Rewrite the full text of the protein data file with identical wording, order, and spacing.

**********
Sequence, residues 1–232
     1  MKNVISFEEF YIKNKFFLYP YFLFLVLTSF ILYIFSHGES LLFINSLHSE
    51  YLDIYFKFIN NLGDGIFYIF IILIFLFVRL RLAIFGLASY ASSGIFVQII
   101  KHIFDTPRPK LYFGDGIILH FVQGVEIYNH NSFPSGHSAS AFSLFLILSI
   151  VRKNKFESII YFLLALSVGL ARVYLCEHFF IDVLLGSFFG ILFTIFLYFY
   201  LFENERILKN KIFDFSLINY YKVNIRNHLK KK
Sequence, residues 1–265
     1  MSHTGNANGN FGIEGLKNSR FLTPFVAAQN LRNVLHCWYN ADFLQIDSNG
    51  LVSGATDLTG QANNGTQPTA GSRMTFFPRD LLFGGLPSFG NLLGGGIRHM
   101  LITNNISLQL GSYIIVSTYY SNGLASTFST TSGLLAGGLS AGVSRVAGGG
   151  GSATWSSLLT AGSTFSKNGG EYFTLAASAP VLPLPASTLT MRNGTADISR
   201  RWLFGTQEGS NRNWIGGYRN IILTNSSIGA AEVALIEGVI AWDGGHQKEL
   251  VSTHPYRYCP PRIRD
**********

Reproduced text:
Sequence, residues 1–232
     1  MKNVISFEEF YIKNKFFLYP YFLFLVLTSF ILYIFSHGES LLFINSLHSE
    51  YLDIYFKFIN NLGDGIFYIF IILIFLFVRL RLAIFGLASY ASSGIFVQII
   101  KHIFDTPRPK LYFGDGIILH FVQGVEIYNH NSFPSGHSAS AFSLFLILSI
   151  VRKNKFESII YFLLALSVGL ARVYLCEHFF IDVLLGSFFG ILFTIFLYFY
   201  LFENERILKN KIFDFSLINY YKVNIRNHLK KK
Sequence, residues 1–265
     1  MSHTGNANGN FGIEGLKNSR FLTPFVAAQN LRNVLHCWYN ADFLQIDSNG
    51  LVSGATDLTG QANNGTQPTA GSRMTFFPRD LLFGGLPSFG NLLGGGIRHM
   101  LITNNISLQL GSYIIVSTYY SNGLASTFST TSGLLAGGLS AGVSRVAGGG
   151  GSATWSSLLT AGSTFSKNGG EYFTLAASAP VLPLPASTLT MRNGTADISR
   201  RWLFGTQEGS NRNWIGGYRN IILTNSSIGA AEVALIEGVI AWDGGHQKEL
   251  VSTHPYRYCP PRIRD